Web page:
Normally, big companies will avoid controversy like the plague. At least, that used to be the case. These days, it seems that corporations are in a race to see which one of them can earn the “Most Woke” award at the year-end LiberalMania ceremony, which we assume is held on some private island owned by George Soros and is accompanied by some of the strangest, most perverse sex parties you’ve ever dreamed of. And probably lots of Beyoncé music. But we’re just theorizing.
California’s In-N-Out Burger has already given up their claim to the award, having donated $25,000 to the Republican Party, so apparently Nike saw an opportunity to grab the brass ring. Thus, they decided, out of all the sports celebrities they could pick to represent the 30th anniversary of the iconic “Just Do It” campaign, there would be no one better to catapult them to the next level than renowned flag-disrespecter Colin Kaepernick.
We’ll give them one thing: If the name of the game is to get people talking about you, Nike pulled off the coup of a lifetime.
The new ad debuted on Monday afternoon, and social media lit up like a Christmas tree. “Believe in something,” the ad copy reads across a black and white picture of Kaepernick’s face. “Even if it means sacrificing everything.”
We guess Roseanne was unavailable.
“We believe Colin is one of the most inspirational athletes of this generation, who has leveraged the power of sport to help move the world forward,” Nike representative Gino Fisanotti told ESPN. “We wanted to energize its meaning and introduce ‘Just Do It’ to a new generation of athletes.”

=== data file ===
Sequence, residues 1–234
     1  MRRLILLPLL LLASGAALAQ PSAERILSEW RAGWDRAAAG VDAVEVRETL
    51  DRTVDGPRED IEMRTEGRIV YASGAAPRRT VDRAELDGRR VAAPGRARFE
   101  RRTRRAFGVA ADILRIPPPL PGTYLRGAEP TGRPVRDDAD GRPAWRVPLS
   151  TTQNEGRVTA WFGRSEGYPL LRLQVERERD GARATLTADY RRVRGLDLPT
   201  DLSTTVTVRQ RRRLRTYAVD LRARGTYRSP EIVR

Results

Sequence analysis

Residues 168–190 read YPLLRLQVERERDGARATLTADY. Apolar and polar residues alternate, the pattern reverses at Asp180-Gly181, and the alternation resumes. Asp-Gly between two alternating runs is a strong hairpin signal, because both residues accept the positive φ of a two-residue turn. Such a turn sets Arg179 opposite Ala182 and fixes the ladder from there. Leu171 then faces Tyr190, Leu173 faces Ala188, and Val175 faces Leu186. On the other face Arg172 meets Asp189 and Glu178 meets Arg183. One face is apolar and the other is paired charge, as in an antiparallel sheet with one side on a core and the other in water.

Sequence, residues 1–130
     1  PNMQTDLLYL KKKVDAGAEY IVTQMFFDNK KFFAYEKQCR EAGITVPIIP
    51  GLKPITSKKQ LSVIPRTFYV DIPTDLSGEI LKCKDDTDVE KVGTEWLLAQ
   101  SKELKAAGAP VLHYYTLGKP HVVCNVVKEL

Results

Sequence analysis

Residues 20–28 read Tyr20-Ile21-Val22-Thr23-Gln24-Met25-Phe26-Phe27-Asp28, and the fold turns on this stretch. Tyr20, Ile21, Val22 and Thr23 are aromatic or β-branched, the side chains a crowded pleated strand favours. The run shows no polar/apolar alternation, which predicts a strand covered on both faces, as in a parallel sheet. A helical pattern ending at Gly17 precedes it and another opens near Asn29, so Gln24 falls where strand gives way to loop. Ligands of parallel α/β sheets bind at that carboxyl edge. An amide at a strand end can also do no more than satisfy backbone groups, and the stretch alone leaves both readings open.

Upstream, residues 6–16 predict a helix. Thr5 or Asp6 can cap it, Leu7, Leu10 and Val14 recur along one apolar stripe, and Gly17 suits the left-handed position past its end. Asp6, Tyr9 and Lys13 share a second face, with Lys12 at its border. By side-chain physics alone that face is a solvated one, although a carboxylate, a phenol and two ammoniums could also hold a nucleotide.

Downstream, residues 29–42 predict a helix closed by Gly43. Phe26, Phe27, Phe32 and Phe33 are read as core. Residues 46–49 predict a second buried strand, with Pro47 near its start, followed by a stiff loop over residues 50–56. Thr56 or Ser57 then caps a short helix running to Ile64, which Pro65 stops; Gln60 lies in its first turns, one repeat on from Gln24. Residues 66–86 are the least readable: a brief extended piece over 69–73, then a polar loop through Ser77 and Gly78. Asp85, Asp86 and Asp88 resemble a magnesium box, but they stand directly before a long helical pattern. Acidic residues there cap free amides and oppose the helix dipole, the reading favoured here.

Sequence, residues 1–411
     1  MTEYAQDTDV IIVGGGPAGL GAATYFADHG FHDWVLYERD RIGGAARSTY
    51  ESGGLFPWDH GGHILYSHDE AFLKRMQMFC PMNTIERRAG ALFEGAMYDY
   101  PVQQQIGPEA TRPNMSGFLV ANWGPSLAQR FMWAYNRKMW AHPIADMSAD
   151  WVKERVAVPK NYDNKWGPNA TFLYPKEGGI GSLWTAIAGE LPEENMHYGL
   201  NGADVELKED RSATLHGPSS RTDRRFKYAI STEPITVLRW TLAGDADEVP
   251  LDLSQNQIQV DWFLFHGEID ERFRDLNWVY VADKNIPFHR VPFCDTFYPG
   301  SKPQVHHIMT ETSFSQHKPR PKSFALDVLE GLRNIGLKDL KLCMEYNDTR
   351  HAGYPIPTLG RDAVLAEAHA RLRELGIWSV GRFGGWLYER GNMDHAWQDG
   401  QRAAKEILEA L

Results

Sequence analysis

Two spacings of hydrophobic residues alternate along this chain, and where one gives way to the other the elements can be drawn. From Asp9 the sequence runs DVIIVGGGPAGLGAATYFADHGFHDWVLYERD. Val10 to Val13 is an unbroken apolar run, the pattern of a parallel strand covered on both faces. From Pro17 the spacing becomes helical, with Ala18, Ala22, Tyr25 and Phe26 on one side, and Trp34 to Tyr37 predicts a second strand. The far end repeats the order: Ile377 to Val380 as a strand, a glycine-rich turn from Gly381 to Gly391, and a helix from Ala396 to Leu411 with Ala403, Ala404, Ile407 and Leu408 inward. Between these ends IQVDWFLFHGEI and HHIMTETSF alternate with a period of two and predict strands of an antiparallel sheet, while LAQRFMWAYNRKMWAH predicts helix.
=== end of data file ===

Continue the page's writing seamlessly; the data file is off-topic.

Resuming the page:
Nike is betting that their core target audience – teenage boys – will be captivated by the outsider Kaepernick, but early social media reaction shows what should have already been obvious: They’re taking a big risk by aligning their brand with someone this divisive. Fox News highlighted some of the backlash, which included fans recording themselves burning their Nike apparel in protest.
“First the @NFL forces me to choose between my favorite sport and my country,” Twitter user Sean Clancy wrote, according to Fox News. “I chose country. Then @Nike forces me to choose between my favorite shoes and my country. Since when did the American Flag and the National Anthem become offensive?”
It’s a question many Americans have been asking for the past couple of years, and all we get back is that “it’s not actually about the flag and the anthem.” Well, perhaps now we see that it’s actually about raising one’s celebrity profile and scoring a major endorsement package from one of the most sought-after brands in sports. Whatever it’s about, Nike is going to have to live with the consequences. And judging from the NFL’s current ratings/ticket sales woes, we’re not exactly sure what the hell they were thinking. Hope that award is worth it, guys.